£2,000 loan guide: How to borrow 2,000 pounds today

Couple drinking coffee and reading news using a tablet computer in the kitchen

Do you want to borrow £2,000?

It might be that you’re planning to buy a new car, make some home improvements, or consolidate your existing debts.

Whatever your reason, it can be difficult to know where to start when it comes to borrowing. With a wide selection of loan providers, loan options, and confusing financial terms, it’s easy to feel intimidated.

But it doesn’t have to be this way. We’re here to help you make sense of it all and understand how to find the best option for your needs, with our complete guide to borrowing £2,000.

Where can I get a £2,000 loan?

For smaller amounts like £2,000, you have a number of choices for borrowing.

If you have a good credit history, then an unsecured personal loan can be a great option to consider. Eligibility for unsecured loans is based largely on your credit score, so a better borrowing history will make you more appealing to lenders and result in a higher chance of approval.

Speaking of lenders, there are a lot of them out there. Each with specialised unsecured loan products for different use cases. These generally range from £500 to £35,000 in value and will have relatively short repayment terms of between 1-7 years, depending on the lender and application.

It’s up to you to pick one that fits your needs, which is where we can help. As a broker, we compare multiple lenders and provide useful insights to help you decide which works best for you.

Of course, a loan isn’t your only option. You could also consider using a credit card to pay £2,000 towards something. Credit cards come with their own benefits, like additional insurance or reward schemes.

If you’re still weighing up the options, then our guide to loans vs credit cards might help you to decide.

Am I eligible to borrow £2,000?

Your loan eligibility will vary, based on criteria set by each lender. These factors can often include:

  • Your borrowing history or credit score
  • Your income
  • Your debt to income ratio (the amount of your income that you already pay towards debts)
  • Loan purpose (such as taking a holiday, consolidating existing debts, or buying a new car)

While this sounds like a lot, you don’t need to make blind applications to find out whether you’re eligible. In fact, doing so will make permanent records on your credit score that may negatively impact your future applications.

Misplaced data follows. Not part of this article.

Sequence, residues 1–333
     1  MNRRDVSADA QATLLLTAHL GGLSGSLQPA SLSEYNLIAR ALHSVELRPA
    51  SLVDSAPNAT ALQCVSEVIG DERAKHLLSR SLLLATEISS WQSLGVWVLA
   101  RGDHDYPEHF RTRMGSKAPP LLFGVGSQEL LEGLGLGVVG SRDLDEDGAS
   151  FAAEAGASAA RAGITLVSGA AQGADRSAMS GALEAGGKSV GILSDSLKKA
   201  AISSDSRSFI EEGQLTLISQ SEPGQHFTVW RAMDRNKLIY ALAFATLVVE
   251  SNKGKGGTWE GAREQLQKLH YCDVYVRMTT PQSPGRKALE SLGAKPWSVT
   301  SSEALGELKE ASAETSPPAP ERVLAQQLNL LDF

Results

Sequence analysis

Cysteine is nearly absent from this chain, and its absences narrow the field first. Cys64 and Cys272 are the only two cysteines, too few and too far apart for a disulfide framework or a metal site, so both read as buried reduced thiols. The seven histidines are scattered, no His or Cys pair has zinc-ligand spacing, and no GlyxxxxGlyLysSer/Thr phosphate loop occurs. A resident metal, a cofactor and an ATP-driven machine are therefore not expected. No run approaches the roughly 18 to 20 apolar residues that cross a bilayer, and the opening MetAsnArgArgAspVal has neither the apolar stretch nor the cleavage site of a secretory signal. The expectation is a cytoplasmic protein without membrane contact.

Instead, it’s easy to check your eligibility for a loan with our free eligibility checker. Simply provide a few details about yourself and what you’re looking for, and we’ll run a soft search to identify suitable lenders, without hurting your credit score.

It’s a quick, easy, and obligation-free way to make an informed choice ahead of an application.

Can I borrow £2,000 with bad credit?

When you apply to a lender, they will check your credit history to determine whether you are likely to repay the loan reliably.

Your credit score is an abstract value that represents your borrowing history and whether it reflects positively or negatively on your eligibility.

A high credit score will indicate to lenders that you have a history of regular and reliable loan or credit repayment. In these cases, lenders will be happy to offer you higher amounts or more favourable rates.

On the other end of the scale, a low credit score may tell lenders that you have had some issues borrowing and repaying loans in the past. It could also simply be a sign that you haven’t really borrowed before.

If you are trying to borrow £2,000 with bad credit, a lower credit score won’t necessarily stop you from getting approved. It might, however, result in higher interest rates or a lower total amount being offered.

Can I apply to borrow £2,000 online?

Applying for a £2,000 loan online is easy.

Simply head over to our eligibility checker, enter some basic information about yourself, the amount you’d like to borrow, and start your search.

We’ll suggest multiple lenders, which you can browse and compare to see which best suits your needs.

Once you’ve made a decision, it’s time to click apply and make your formal loan application. At this point, the chosen lender will run a hard check on your credit report. If they are happy with your credit history and the other eligibility criteria they may consider, they will then send you an approved unsecured loan offer.

This will typically include details of:

  • The loan amount
  • The repayment term
  • Any additional fees or charges that you will need to be aware of
  • The total amount expected to be paid at the end of the repayment term

Take time to read this in detail and consider whether it is realistic based on how much you expect to be able to repay each month. Once you agree to the loan, you are committing to the repayment plan they have outlined, so be sure you’re absolutely happy before proceeding.

Once you are happy, you can accept the loan agreement and the funds will be transferred to your account.

Will I receive my loan on the same day?

It’s common for unsecured loans to be transferred into your account on the same day that you accept the agreement.